Second, we don’t want to use the password as the key that encrypts our payload. We need to use it to generate a new key, specific to this session. If we re-use passwords, eventually we’ll send some encrypted content for which the plaintext content is known, the eavesdropper will find this and be able to brute force at their leisure.

How does SPAKE2 solve this? #

To explain how SPAKE2 solves this, it can help to go through a couple of approaches that definitely do not work.

For example, we could just send the password over the wire. This is a terrible idea. Not only does it expose the password to eavesdroppers, but it also gives us no evidence that the other side knows the password. After all, we could send them the password, and they could send it right back.

We need to send something over the wire that is not the password, but that could only have been generated with the password.

So perhaps our next refinement might be that we send our name, somehow cryptographically signed with password.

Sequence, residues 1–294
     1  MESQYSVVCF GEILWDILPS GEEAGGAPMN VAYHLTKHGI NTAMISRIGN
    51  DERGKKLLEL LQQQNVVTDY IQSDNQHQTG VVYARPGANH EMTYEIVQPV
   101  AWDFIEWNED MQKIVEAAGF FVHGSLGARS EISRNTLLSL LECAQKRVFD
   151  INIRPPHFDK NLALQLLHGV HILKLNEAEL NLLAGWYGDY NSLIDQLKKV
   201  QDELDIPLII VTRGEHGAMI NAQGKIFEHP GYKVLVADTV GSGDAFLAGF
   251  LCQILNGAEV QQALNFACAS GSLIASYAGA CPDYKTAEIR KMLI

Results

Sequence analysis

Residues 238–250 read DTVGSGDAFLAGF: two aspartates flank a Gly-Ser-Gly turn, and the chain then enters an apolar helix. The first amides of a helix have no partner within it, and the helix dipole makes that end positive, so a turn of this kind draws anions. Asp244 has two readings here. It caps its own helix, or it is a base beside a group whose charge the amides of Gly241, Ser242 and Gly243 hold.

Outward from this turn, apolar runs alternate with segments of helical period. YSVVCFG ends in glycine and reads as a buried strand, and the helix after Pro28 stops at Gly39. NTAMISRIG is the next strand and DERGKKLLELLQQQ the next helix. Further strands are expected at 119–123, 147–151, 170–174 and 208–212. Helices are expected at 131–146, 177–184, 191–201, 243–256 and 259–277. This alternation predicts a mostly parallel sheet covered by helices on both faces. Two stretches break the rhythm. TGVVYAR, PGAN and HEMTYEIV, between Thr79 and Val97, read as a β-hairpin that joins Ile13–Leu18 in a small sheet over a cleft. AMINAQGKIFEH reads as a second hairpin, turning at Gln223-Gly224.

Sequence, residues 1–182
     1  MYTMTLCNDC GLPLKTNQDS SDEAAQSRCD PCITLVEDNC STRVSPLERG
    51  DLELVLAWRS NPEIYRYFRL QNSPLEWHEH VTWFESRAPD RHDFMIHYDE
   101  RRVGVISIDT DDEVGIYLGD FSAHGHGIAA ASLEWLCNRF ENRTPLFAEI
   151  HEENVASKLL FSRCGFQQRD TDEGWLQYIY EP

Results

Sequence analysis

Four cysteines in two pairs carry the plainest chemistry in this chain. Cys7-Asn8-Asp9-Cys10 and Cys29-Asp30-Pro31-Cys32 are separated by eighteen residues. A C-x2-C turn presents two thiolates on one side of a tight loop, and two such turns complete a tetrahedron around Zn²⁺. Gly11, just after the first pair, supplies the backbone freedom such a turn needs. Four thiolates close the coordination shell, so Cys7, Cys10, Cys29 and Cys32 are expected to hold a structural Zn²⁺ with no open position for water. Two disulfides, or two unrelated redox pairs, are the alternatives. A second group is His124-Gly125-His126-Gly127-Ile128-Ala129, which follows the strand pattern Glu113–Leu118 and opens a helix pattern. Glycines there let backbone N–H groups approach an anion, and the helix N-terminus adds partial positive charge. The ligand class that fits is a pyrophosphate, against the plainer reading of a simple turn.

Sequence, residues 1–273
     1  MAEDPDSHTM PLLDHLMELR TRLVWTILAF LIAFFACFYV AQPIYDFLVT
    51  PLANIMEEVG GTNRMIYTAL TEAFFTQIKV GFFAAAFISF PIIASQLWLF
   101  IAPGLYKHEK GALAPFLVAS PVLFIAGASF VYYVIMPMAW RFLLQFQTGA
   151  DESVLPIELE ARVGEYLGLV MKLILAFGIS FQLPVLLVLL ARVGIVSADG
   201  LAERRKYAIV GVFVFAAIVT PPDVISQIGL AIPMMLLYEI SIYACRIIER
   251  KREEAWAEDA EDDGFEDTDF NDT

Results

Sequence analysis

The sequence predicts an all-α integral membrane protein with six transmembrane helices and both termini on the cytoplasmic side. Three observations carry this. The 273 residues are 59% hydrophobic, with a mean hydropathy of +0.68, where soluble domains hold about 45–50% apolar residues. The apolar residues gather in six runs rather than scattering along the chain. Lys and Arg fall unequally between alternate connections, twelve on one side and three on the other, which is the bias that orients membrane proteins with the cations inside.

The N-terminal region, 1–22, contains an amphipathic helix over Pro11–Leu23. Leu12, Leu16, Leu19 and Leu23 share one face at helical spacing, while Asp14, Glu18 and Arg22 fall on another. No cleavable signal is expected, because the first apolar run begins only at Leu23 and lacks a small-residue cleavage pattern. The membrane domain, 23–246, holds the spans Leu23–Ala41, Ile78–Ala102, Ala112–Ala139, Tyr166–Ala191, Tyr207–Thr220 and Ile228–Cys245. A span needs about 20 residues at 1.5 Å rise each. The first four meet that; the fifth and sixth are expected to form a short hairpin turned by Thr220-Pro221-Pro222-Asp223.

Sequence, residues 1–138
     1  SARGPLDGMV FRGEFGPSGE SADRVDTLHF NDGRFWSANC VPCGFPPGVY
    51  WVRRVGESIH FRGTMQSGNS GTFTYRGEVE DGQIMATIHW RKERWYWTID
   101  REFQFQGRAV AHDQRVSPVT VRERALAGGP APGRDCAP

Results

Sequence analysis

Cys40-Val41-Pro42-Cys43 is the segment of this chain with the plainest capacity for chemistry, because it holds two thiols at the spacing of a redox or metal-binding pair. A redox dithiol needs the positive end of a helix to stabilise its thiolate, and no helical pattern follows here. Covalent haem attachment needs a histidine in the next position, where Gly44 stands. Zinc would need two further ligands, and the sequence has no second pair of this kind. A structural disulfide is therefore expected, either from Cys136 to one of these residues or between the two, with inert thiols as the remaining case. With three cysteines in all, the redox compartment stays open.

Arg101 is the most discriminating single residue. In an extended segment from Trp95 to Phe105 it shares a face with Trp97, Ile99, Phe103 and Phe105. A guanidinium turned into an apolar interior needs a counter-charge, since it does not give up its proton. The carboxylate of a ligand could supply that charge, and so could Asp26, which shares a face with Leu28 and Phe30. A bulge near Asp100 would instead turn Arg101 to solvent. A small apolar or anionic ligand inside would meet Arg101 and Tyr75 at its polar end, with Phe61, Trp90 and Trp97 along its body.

This is better than just sending the password, but still leaves us exposed to offline dictionary attacks. After all, our name is well-known in plain text, so an eavesdropper can look out for it in the protocol, snaffle up the ciphertext, and then run a dictionary against it at their leisure. It also leaves open the question of how we will generate a session key.

SPAKE2 goes a few steps further than this. Rather than sending a signed version of some known text, each side sends an “encrypted” version of a random value, using the password as a key.

Each side then decrypts the value it receives from the other side, and then uses its random value and the other random value as inputs to a hash function that generates a session key.

If the passwords are the same, the session key will be the same, and both sides will be able to communicate.

That is the shorter answer for “How does SPAKE2 work?”. The longer answer involves rather a lot of mathematics.

Show me the mathematics #

When I was learning SPAKE2, this was a bit of a problem for me. I hit three major hurdles.

  1. Notation—maths just has obscure notation
  2. Terminology—maths uses non-descriptive words for concepts
  3. Concepts—some are merely unfamiliar, others genuinely difficult

In this post, I want to help you over all of these hurdles, such that you can go and read papers and blog posts by people who actually understand what they are talking about. This means that I’ll try to go out of my way to explain the notation and terminology while also going through the core concepts.